Just in case the abnormal weather events around the world didn't tip you off, the term "global warming" is actually a misnomer that doesn't really describe the effects of climate change. And if you are to believe a new oceanographic study, "climate change" may not adequately do the trick either. Hannes Baumann, one of the report's authors, prefers "global weirding," because the effects are so unpredictable and hard to understand.
In some areas (e.g. the South American Pacific coasts) the water has been getting colder over the last 30 years. In others (e.g. the North Pacific and North Atlantic) it’s getting warmer. On the East Coast, the temperature is rising at three times the global average--meaning that global numbers aren’t particularly relevant to New Yorkers or New Englanders.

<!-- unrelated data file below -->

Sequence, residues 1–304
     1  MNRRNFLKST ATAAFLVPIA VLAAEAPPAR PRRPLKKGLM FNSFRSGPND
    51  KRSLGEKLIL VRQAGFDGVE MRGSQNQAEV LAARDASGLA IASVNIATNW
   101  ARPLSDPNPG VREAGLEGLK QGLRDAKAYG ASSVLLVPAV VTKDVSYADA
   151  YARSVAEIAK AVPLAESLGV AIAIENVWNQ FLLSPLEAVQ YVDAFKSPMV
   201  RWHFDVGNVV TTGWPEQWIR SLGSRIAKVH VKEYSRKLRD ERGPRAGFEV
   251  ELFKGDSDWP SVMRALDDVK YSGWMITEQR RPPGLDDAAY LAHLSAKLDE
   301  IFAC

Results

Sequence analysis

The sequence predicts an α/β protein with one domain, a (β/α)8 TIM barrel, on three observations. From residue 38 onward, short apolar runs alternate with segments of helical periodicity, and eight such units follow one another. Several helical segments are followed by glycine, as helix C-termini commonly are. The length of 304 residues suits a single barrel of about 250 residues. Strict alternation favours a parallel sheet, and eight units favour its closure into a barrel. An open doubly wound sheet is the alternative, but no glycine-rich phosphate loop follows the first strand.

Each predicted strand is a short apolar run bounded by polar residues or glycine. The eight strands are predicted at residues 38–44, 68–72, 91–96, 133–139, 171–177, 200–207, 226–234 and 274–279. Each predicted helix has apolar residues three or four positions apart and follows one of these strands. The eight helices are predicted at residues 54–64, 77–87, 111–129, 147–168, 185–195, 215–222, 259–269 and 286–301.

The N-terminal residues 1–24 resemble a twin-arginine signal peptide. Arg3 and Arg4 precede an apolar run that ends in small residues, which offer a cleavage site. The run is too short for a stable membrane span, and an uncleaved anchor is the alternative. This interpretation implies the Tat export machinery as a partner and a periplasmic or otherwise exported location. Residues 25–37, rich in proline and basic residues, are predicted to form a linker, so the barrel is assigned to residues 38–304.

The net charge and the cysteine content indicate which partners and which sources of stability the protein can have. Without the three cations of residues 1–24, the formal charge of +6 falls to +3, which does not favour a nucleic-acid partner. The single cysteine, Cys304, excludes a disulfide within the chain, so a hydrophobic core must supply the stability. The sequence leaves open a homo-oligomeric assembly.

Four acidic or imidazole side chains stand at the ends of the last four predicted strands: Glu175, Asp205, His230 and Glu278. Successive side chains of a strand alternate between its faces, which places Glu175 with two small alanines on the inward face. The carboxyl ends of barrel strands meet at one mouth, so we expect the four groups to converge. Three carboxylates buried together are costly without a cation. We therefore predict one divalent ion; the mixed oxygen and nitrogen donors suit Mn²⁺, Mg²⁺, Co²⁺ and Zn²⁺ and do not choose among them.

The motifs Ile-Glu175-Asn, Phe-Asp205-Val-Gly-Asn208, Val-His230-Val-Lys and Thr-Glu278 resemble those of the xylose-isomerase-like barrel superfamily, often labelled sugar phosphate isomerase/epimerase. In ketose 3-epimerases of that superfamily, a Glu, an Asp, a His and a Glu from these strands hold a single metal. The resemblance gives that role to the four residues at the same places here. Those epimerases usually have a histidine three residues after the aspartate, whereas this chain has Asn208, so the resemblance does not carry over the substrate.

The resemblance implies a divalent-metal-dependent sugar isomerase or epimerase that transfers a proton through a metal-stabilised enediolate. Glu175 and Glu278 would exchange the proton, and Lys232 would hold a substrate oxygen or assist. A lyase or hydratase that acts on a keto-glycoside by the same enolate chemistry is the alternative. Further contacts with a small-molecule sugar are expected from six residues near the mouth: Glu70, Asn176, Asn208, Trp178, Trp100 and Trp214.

Along the East Coast, ocean temperatures are rising fast, leading to concern about what that might mean for northeastern fisheries. "On the current warming trajectory," says Baumann, "many places on the southern New England coastlines may become unsuitable for lobsters in the next decade."
South of there, below Cape Hatteras in North Carolina, water temperatures are actually going down. Baumann believes this trend might be due to a weakening of the Gulf Stream, which normally brings warmer water from southern Florida up the coast.
With all of these differences, it makes more sense to focus on particular localities instead of talking about climate change as if it were a monolithic thing:
"Instead of the global average temperature increase over the past century, which frankly doesn’t sound too bad, it’s better to highlight the rapid succession of extremes that occur in different parts of the world."
(via Fast Co.Exist)
Photo: The Pacific Ocean coastline near Florence, OR. (via Surfrider)